Great to hear of actual situations where adaptive leadership has resolved a deep rooted issue. Mobilising people to find their own common ground and build bridges far more effective than previous efforts.
"Tyler Crowley gave a workshop on improving your pitch with storytelling at Microsoft’s new Spark center. Tyler covered a lot of ground during the workshop, and many of his tips could make stand-alone posts. Nevertheless, I did my best to capture the essence of what he shared with us in the 17 tips presented here."
Read the full article to find out more about these 17 tips:
The audience doesn’t remember dataThe audience does remember storyMake your audience feel the WOW momentHelp your audience experience this WOW moment through two key characters, the hero and the antagonistIntroduce your hero in a dramatic fashionBuild the drama by showing us your character’s problemCast your product in the role of the vehicle that helps your heroStart and close with your elevator pitchAvoid using “I,” “you,” or “we” in your pitchesAvoid hypotheticals such as “can” and “could”Story can communicate important information in an elegant wayIf you must give figures, avoid big numbersYour story needs to have a happy endingDon’t try to memorize your storyCreate variations of your story for different audiences and different lengthsKeep testing your storiesFinally, study storytelling in action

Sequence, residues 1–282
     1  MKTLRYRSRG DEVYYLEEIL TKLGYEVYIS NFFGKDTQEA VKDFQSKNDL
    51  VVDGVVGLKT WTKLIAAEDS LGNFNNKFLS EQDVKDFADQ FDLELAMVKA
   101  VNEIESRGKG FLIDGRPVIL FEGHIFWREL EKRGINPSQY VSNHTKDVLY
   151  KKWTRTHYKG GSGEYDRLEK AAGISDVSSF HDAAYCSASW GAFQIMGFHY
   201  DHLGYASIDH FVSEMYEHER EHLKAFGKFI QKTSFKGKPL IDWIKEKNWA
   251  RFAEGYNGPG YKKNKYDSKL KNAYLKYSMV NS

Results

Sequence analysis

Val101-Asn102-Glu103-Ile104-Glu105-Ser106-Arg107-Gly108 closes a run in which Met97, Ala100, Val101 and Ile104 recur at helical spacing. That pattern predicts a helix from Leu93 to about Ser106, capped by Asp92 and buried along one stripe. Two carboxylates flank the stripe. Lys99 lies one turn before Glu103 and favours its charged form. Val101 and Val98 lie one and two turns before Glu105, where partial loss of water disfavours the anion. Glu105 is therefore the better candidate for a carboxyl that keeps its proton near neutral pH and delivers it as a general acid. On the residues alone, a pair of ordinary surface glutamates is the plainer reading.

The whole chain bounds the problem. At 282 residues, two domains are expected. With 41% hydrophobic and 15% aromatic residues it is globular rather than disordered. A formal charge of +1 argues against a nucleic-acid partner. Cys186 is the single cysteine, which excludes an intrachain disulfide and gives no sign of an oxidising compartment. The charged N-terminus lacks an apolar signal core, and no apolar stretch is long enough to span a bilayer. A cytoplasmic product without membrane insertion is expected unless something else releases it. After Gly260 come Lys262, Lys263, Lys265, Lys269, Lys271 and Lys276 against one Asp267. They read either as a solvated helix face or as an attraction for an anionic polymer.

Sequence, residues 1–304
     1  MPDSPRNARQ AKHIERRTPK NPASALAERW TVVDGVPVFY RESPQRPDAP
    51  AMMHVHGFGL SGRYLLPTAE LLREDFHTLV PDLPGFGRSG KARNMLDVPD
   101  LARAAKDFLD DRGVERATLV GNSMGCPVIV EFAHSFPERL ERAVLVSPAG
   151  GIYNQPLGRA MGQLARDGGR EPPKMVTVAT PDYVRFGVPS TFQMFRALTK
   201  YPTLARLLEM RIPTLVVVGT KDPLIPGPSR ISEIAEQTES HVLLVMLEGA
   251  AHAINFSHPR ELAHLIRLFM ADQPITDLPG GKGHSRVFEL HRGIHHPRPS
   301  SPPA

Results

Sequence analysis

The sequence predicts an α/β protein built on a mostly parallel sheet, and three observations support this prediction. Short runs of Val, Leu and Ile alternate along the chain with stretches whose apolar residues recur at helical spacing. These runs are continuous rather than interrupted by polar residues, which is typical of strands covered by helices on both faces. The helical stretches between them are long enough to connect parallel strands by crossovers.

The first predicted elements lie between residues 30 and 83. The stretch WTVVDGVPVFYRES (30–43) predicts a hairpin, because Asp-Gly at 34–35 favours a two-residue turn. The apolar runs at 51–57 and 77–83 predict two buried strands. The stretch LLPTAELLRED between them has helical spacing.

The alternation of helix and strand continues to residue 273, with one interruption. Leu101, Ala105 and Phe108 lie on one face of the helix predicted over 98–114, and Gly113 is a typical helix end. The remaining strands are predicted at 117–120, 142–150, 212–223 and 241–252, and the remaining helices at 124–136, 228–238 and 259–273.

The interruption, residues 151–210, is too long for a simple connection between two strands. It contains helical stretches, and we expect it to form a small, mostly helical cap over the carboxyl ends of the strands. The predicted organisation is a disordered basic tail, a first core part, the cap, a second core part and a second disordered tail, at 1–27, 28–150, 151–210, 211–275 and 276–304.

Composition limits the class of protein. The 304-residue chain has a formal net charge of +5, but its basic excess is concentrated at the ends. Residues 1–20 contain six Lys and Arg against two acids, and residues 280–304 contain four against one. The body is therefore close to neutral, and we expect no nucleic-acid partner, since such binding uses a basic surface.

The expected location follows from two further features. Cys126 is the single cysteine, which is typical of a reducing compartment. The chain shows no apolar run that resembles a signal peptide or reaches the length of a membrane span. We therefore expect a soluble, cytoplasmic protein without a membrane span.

Via Kim Zinke (aka Gimli Goose)
Jill Beech's insight:
As a service manager I share stories of near misses and errors at new starters induction to help reinforce a culture of shared learning and great care.
Iconography gets to the heart of what UX designers live and breathe: they can make or break the usability of an interface. It therefore stands to reason that their use is context–specific. Like every other area of user experience design, icons are best suited for the target audiences that will most profit from their use. It’s up to us as communicators, designers, and creators to identify those audiences and get the most out of our icons.